There have been terrible stories all over the world about this abuse; one female star in the UK was raped by her mentor and trainer in a clear situation of “abuse of power”; countless accusations against various male performers worldwide regarding alleged sexually abusive behavior, such as stalking, inappropriate/unwanted advances, and sexual assault (depending upon jurisdiction); and even male performers extending stories of outright bullying during training and female performers exhibiting predatory behavior towards underage male trainees. These stories, unfortunately, are only the tip of the proverbial iceberg.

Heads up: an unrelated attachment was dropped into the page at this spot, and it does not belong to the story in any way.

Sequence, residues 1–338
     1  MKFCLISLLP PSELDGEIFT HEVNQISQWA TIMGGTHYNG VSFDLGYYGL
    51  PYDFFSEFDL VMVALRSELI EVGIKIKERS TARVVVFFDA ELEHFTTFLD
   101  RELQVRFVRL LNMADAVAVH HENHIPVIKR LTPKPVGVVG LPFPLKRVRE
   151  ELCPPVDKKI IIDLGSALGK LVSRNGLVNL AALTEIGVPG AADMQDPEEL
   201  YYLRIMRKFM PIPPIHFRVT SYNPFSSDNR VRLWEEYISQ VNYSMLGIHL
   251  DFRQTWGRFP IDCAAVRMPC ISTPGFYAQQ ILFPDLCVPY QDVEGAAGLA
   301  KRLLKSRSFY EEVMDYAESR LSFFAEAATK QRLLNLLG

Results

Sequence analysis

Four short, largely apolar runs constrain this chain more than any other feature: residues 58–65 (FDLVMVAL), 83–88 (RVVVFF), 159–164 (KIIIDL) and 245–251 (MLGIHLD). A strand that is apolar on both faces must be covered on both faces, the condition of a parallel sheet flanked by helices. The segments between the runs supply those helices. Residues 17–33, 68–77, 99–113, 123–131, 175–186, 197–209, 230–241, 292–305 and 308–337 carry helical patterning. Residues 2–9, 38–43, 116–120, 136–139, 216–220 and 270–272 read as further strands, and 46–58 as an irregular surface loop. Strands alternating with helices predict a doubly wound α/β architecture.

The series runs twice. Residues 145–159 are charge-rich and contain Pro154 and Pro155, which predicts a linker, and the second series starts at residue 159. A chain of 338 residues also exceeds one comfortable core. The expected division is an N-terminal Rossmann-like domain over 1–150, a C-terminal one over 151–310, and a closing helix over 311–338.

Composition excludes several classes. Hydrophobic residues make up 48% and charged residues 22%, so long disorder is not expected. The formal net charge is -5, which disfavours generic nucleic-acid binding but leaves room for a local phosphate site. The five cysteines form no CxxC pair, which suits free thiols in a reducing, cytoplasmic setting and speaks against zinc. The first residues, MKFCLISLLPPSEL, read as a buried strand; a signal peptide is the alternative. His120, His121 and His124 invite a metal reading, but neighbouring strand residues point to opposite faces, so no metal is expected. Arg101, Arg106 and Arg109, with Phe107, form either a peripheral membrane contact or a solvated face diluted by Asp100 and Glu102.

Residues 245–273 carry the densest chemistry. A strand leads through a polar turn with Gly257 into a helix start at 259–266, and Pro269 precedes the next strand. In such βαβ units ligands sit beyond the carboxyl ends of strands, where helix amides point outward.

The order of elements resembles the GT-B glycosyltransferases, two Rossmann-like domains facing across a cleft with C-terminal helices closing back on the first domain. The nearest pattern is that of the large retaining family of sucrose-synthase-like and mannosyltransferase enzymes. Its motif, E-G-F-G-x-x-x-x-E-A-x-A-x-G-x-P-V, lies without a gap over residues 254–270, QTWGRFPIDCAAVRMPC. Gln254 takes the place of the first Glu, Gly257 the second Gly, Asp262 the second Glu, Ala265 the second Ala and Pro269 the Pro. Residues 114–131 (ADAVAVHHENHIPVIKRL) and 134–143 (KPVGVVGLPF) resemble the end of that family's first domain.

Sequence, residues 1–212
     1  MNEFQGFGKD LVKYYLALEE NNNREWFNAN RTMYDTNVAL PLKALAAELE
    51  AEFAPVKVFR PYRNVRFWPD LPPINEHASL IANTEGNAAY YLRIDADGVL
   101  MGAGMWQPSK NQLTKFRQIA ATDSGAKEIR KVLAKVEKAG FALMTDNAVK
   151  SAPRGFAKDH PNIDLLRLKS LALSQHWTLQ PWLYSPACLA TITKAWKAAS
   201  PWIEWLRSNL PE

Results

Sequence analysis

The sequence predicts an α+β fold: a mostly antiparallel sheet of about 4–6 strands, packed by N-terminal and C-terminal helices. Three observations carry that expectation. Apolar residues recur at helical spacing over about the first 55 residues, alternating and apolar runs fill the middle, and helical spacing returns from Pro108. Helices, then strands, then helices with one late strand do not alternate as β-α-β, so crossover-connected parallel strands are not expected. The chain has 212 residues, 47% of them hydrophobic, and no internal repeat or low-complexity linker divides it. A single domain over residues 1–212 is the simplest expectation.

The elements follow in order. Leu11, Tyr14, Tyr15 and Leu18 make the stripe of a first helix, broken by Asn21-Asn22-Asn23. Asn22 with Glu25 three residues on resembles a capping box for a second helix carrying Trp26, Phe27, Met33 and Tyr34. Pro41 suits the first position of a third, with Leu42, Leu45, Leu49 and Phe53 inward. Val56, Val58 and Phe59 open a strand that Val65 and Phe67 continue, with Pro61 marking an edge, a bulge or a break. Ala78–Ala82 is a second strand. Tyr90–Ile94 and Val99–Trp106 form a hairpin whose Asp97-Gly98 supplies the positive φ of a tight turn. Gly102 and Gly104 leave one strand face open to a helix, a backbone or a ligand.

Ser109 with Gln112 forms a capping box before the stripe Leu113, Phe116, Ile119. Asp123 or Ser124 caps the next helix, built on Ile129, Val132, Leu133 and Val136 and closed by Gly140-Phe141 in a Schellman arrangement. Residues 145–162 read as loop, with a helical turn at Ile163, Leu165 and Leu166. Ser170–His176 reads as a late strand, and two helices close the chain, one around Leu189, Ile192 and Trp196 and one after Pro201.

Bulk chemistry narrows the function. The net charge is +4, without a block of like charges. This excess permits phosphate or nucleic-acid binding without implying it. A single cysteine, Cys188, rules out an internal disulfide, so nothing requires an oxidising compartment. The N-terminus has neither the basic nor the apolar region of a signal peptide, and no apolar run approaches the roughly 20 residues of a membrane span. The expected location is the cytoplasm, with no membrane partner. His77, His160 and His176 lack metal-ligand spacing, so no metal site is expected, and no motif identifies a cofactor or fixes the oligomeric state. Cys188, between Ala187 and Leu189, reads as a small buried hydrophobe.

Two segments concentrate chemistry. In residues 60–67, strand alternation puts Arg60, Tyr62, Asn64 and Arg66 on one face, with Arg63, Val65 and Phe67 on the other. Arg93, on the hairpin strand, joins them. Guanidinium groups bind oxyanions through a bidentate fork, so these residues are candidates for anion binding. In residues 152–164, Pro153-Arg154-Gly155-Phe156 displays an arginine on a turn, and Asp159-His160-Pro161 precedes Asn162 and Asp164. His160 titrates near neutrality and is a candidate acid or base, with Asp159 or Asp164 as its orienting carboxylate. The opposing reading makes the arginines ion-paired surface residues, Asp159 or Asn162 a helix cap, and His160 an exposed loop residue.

I can attest to some of the abusive behavior myself; during my time performing on the independent circuit, I was first subjected to body-shaming (“you’re too fat for wrestling; nobody will ever want to see you do this because you’re ugly”), to verbal abuse when my husband and I began dating (“you’re nothing but a glorified ring-rat,” “slut,” “whore,” and my personal favorite “you’re only looking to train so you can hook up with guys and you’re going to ruin his career”), to blatant sexual harassment during matches where my chest was groped and blamed on a hand slipping during a move set. Whenever the “boys” in the locker room would corner me and say something like this to me, their attitude would instantly change the minute my husband walked in the room. Suddenly they were our biggest fans, “what a great couple you two make” and “we’re so happy for you,” but as soon as he left the room, I was told to keep my mouth shut for fear of not being booked on another show. The final straw was when a promoter cornered my husband before a show one Saturday afternoon and asked him if he knew “what you’re getting into with that girl” (I still can’t figure out, 13 years later, what that meant). Chris knew something was not right when I expressed a desire to stop going to bookings, so when he thought about my remark with my accounts of verbal abuse, he decided to retire and never speak to anyone he worked with in independent pro-wrestling ever again. He gave up something he loved so much for me because he believed me and was disgusted by how I was treated by people he considered to be his friends.